Tuesday, November 20, 2012
Charles Handy is one of Britain's management gurus. This original edition of this book was written while he was professor at the London Business School. Although this book is not simple to read and is very comprehensive, it is an excellent introduction to understanding organisations (yes, just like the title).
The book consists of three parts.
Part I - introduces a set of models/frameworks, for better understanding of people and organisations. Handy selected six themes common to organisations - motivation, roles and interactions, leadership, power and influence, workings of groups, and cultures of organisations. Each of these themes receives an excellent, extremely in-depth literature review, which all have been updated in this 4th edition to include the latest literature and trends. Handy looks at each of these themes from various angles and does not really push the reader into any dominant one; "This book is eclectic. ... It is wise to be eclectic, to pick from each anything that helps, to compile the sort of personal anthology which is what book aims to be." In addition, Handy uses a large number of quotes from other academics to explain his comments.
In Part II, Handy looks at each of the themes introduced in Part I and their impact on organisations. This part is a lot less academic and Handy tries to apply the models/framework introduced in Part I into practice. "One bookcase for the theorectical models, another for the tips and hints on current practice. The discussion in this part is not intended to be a review of best current practice but rather an interpretation, often a provocative one, of the implications of some of the theories that we say we all subscribe to." Handy applies it to people of organisations and their development, the work of the organisation - and its design, politics and change, being a manager, and the future of organisations.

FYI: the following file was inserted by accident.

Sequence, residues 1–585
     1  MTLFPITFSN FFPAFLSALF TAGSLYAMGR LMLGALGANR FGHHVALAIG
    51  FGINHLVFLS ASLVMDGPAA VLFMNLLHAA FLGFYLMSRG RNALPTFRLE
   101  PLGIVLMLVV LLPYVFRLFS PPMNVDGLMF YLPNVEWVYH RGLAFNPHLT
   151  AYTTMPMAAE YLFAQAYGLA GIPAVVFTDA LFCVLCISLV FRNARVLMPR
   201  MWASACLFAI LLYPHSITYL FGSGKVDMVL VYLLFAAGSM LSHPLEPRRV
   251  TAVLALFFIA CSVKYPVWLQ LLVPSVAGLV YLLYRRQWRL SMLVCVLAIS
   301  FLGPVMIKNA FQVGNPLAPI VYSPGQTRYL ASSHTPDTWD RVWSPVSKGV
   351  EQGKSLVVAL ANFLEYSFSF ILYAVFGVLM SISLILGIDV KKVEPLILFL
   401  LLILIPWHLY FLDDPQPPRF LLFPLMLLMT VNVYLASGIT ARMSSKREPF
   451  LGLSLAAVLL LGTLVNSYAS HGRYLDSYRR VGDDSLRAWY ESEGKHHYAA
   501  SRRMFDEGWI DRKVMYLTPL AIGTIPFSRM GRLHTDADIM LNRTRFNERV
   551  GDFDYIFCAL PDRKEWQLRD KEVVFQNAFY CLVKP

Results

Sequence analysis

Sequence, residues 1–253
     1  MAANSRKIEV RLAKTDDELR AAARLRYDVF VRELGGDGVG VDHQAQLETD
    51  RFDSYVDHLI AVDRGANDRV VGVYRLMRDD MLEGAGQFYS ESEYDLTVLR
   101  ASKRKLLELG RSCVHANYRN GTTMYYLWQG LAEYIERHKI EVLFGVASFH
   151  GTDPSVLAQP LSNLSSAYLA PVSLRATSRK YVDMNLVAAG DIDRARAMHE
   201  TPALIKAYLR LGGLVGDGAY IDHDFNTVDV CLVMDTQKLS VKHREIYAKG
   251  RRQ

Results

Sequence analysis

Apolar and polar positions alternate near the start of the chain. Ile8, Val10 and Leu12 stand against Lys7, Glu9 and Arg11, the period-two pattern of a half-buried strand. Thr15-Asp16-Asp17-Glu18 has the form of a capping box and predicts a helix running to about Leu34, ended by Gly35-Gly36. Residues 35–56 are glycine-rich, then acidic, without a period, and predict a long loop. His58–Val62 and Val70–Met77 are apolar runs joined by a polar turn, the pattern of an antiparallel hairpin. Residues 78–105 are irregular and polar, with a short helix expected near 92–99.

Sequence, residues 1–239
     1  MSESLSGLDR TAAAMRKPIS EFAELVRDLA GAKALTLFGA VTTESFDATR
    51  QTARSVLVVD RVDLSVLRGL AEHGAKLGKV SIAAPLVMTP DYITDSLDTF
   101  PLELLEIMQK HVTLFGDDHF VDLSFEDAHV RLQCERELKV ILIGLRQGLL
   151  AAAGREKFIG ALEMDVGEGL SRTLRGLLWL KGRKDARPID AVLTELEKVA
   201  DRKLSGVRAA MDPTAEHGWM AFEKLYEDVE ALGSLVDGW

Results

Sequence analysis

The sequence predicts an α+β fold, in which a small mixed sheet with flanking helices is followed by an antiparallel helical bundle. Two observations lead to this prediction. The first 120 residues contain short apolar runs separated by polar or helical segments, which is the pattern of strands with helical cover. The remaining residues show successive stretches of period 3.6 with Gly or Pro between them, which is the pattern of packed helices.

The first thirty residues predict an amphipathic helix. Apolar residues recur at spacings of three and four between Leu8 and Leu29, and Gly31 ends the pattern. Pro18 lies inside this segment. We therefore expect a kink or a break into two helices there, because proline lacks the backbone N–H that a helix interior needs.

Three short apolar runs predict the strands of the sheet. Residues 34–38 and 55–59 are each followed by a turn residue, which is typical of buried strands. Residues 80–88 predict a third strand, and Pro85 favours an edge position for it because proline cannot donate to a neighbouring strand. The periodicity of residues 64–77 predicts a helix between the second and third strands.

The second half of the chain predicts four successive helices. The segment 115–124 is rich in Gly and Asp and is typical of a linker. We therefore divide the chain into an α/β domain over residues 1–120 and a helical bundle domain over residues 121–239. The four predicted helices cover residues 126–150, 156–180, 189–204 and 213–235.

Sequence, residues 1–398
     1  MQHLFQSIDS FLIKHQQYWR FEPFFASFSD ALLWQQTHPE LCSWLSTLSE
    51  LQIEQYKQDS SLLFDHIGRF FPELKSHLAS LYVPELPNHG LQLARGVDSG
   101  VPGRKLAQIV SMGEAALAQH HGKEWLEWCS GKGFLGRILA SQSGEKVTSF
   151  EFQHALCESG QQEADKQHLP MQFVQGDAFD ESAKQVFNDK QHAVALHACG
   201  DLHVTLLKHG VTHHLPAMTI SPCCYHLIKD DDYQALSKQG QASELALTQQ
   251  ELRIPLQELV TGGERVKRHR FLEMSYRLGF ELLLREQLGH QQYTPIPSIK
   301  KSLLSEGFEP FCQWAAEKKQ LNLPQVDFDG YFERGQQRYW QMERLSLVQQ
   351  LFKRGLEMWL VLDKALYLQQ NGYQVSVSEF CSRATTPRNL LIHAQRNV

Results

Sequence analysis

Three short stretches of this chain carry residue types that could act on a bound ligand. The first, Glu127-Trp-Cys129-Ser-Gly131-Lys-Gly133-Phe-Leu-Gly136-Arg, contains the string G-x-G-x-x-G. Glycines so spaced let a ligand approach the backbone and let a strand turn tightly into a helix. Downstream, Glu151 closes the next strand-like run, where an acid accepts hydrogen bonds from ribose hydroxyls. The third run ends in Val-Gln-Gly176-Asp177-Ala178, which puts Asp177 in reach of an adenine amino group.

In Part III, Handy provides a brief overview of the relevant field of theory, makes suggestions on useful sources and gives references to the major studies mentioned in the text. "Part Three is for those who wonder about the sources of my ideas, concepts, and theories, or for those who wish to pursue any topic in greater depth." Handy does this on a chapter-by-chapter basis, which is very useful for any MBA-student or researcher.
This book is a comprehensive piece of work into organisations. It certainly helps you understand organisations better, but do not take this book too lightly as it is not for the fainthearted. It is so extremely comprehensive that I do not see anybody read this book in one go. On the other hand, I must stress that the literature reviewed and covered is spectacular and done fantastically. Handy's ability to bring this into perspective with practice is also very strong. A MUST for MBA-students and all other people interested in organisational studies.